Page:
Most of us, as members of Generation-Y, have now been through the experience of the wedding of a close friend.
We’ve also probably been in the wedding party at some point, as well, for better or for worse. I’m going to be honest: Unless you are Katherine Heigl in "27 Dresses," I sincerely doubt you enjoy the entire matrimonial process.
There can be some moments where it feels like pulling teeth -- your own teeth, that is.
Between shopping for the right shoes, getting your hair done and making sure you don't offend the father of the bride by telling raunchy stories about his little girl, being a bridesmaid is no walk in the park (or down the aisle).
As a certified bridesmaid, I'm here to offer some tips to survive as a member of your next friend's wedding party:
1. It’s not about you.
This may seem like a fairly obvious one, but it can be easy to get caught up in the fact that the dress someone else picked for you is going to accentuate all your worst features, or that you had a terrible conversation with an annoying groomsman. No one cares, and you shouldn’t, either.
It's all about the bride, your friend, who was kind enough to ask you to be an integral part of her day.
She could have chosen anyone out of her group of friends, but she ended up picking you. So when you have to take that groomsman’s arm, think about your friend and remember the reason you are there.
2. No one will remember what you looked like five minutes after it’s over.
Back to that bridesmaid dress I mentioned... Yeah, I know. You hate the ensemble you have to wear. It makes your hips look like a circus tent and you paid way too much for it. You know you’ll never wear it again.
Your hair should never have been worn in that style and you are aware it makes you look like a cartoon character from the early 90s. Even if you think you look like something out of a horror film (and the tagged pictures on Facebook will confirm it), no one will really care what you look like.
If people do comment on how you look anything less than beautiful, they need to get out more, meet more people and be in more weddings so they can sympathize. Plus, everyone knows you didn't pick the dress, so you're basically off the hook.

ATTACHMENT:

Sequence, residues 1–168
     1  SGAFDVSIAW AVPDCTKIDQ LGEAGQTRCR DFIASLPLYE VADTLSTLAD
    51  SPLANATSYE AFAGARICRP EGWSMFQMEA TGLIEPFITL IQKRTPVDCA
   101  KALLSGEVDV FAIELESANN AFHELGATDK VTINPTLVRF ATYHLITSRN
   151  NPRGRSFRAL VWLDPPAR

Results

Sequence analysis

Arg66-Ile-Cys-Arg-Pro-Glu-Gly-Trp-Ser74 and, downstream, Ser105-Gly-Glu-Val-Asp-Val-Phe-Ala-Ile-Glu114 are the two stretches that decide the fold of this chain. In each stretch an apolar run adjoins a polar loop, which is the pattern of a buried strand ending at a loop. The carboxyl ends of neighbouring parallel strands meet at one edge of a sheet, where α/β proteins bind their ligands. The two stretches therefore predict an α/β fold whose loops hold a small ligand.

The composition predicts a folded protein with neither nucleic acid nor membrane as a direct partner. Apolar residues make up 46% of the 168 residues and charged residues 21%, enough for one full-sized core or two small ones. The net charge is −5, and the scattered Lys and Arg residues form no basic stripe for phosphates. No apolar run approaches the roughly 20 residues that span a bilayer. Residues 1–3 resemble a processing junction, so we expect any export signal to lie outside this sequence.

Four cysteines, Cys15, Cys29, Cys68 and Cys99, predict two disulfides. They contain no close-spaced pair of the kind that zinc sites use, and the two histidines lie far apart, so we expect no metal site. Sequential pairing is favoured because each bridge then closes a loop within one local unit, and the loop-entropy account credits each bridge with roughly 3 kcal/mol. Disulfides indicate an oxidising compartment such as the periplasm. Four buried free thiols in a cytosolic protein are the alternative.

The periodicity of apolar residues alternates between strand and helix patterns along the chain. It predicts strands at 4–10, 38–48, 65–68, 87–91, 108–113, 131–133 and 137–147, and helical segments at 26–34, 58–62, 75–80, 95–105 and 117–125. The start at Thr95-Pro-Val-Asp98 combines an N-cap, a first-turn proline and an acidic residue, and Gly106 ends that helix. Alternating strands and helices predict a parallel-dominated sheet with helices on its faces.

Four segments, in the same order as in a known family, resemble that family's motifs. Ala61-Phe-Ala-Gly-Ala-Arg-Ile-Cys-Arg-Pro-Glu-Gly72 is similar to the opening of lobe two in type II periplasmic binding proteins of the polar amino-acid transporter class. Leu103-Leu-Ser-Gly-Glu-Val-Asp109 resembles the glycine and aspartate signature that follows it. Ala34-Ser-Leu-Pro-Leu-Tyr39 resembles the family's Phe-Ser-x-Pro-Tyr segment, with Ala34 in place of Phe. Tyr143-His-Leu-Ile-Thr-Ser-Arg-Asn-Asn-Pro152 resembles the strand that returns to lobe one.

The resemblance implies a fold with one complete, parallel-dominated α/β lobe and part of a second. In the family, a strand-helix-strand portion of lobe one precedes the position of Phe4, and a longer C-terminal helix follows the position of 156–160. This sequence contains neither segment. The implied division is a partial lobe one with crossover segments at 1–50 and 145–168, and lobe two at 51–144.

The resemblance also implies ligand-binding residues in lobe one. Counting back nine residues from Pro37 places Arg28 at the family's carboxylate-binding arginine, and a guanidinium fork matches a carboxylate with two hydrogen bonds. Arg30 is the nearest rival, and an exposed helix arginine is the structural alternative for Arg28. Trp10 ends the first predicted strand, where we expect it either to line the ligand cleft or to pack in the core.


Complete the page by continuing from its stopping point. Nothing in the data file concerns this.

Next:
3. It’s okay to be single at a wedding.
Nothing is worse than going to a celebration of love when the last thing you want to do is celebrate love.
The good thing is, you know you aren’t the only one feeling this way. Find a single groomsman to dance the night away with, or a well-mannered, Alzheimer's-ridden grandpa.
I brought my best girlfriend as my plus-one to the last wedding I was in, and it felt good to have someone else with me who didn't care about catching that bouquet (has that tradition ever panned out, anyway?).
Plus, having secret conversation about the hottie best man with someone you have fun with can make the whole experience more enjoyable.
4. It’s only one night.
We should be so lucky that our American tradition only requires a wedding ceremony of a few hours. Indian or Russian weddings usually go for two days or more, and you know we all would have changed into flats at some point.
Part of getting married is recognizing adulthood, and that these two people are old enough to make a lasting commitment (no matter how much you would beg to differ as a friend).
So, being an adult yourself, even for just a few hours, can be one of the best ways to show your friend how much you care about her.
I know it’s hard, but I promise you can do it… and then you can spend the next day in bed recovering with Lucky Charms, watching "16 and Pregnant."
5. Have fun.
Every wedding has inevitable drama, but remember, they are supposed to be fun. This is a celebration of your friend finding the person she wants to be with for the rest of her life.
Have that extra glass of champagne during the toast. You’re not paying for it, remember? There’s no cover charge to dance all evening. You’re surrounded by some of the dearest and closest people in your friend's life, and you happen to be one of them.
Photo Courtesy: Tumblr